Fact-check: Has government's payroll doubled? - Featured image

Fact-check Malta: Has government’s payroll doubled?

Speaking during the closing of the Labour Party’s general conference on Sunday 16th April, Prime Minister Robert Abela claimed that government now spends €1.2 billion on salaries for government workers, double the amount spent 10 years ago.

Celebrating the government’s economic successes over the past decade, Abela was keen to point to the improved working conditions brought about by new collective and sectoral agreements as evidence of how workers are reaping the rewards of the country’s economic growth.

Abela said that “although the private sector remains the driving motor behind job creation, we now spend €1.2 billion per year on the wages of government workers, double the amount in 2013”.

Has government really doubled its payroll?

Precise data covering all forms of government employment is hard to come by, with different data covering different public entities or bodies across the public sector.

The most recent national data for the government’s consolidated fund shows that Malta spent just over €1.1 billion on wages for government employees in 2022. This figure stood at €612m in 2012.

This would suggest that while the expenditure has not quite doubled, as claimed by Abela, it nonetheless represents a hefty 84% increase.

The expenditure on government wages has risen consistently throughout the past decade, topping €1b for the first time in 2021.

Government wages during the previous decade of 2002 to 2012 also increased although at a markedly slower rate, rising from €457m to €612m during this period, or a 33% increase.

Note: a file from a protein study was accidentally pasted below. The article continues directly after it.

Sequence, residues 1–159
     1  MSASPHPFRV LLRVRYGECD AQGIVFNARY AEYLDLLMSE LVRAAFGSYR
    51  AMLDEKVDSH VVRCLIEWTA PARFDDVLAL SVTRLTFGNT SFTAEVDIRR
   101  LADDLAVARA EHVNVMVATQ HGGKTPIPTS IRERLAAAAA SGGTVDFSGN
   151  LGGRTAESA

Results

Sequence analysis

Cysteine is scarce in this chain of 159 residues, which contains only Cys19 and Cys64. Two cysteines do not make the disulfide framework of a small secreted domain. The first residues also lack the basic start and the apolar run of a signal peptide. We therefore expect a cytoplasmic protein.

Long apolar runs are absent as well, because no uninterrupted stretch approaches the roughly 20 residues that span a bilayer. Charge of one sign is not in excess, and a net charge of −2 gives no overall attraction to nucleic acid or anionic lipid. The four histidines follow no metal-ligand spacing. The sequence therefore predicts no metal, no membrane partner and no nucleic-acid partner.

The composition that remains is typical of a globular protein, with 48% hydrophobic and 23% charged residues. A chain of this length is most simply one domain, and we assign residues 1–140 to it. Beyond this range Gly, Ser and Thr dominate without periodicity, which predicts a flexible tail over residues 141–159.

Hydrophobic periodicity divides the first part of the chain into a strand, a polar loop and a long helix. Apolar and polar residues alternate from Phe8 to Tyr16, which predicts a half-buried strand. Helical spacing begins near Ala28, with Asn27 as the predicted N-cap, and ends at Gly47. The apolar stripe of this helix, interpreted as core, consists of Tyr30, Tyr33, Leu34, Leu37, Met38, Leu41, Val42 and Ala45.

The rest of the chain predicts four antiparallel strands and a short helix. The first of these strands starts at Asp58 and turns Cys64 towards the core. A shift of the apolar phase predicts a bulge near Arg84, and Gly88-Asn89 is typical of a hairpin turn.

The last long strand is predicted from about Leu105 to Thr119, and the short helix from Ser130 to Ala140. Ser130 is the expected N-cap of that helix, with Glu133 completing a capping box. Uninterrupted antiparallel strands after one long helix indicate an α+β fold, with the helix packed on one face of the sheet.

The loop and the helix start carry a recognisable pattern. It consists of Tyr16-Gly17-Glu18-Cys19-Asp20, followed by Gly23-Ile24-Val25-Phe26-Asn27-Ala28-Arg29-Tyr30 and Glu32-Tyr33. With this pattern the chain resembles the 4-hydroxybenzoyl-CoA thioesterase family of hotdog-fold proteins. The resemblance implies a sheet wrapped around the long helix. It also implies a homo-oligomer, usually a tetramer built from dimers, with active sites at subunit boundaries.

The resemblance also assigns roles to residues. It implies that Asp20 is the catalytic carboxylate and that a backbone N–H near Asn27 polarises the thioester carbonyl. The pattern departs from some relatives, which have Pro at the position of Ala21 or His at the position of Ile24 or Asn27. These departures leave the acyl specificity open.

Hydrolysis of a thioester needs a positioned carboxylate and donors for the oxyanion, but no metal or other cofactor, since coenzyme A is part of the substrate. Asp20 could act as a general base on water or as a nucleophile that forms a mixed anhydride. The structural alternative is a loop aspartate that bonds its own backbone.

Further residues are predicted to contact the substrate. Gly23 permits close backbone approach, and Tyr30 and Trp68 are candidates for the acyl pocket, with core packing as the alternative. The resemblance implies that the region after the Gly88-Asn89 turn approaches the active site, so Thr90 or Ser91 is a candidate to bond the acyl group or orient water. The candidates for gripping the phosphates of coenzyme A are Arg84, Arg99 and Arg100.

Separate Eurostat data, also compiled by the National Statistics Office, also includes government expenditure on wages across the broader public sector, including the various public entities, as well as local councils.

This data suggests a similar pattern, with expenditure swelling from €849m in 2012 to €1.6b in 2021, the most recent year for which data is available, for an overall 95% increase.

Wages had increased by 50% in the previous decade, rising from €564m in 2002 to €849m in 2012.

How does this compare to government’s overall spending?

Over the past decade, the government’s overall spending increased by a staggering 119%, rising from €3b in 2012 to over €6.7b in 2022.

Wages for government employees hovered at around 20% of total spending until 2020 when it suddenly dipped to just under 17%.

The latest data suggests that the government’s 2022 payroll was 16.7% of its total expenditure in 2022.

How many people does the government employ?

According to NSO data, a total of 51,385 people were employed within the public sector by the end of 2022.

This has risen by almost 10,000 since 2013, when 41,917 people were employed by the government, marking an almost 23% increase in just 10 years, broadly in line with the overall increase in Malta’s population over the past decade.

This comes despite historical warnings that Malta’s public sector is inflated and needs to shed workers.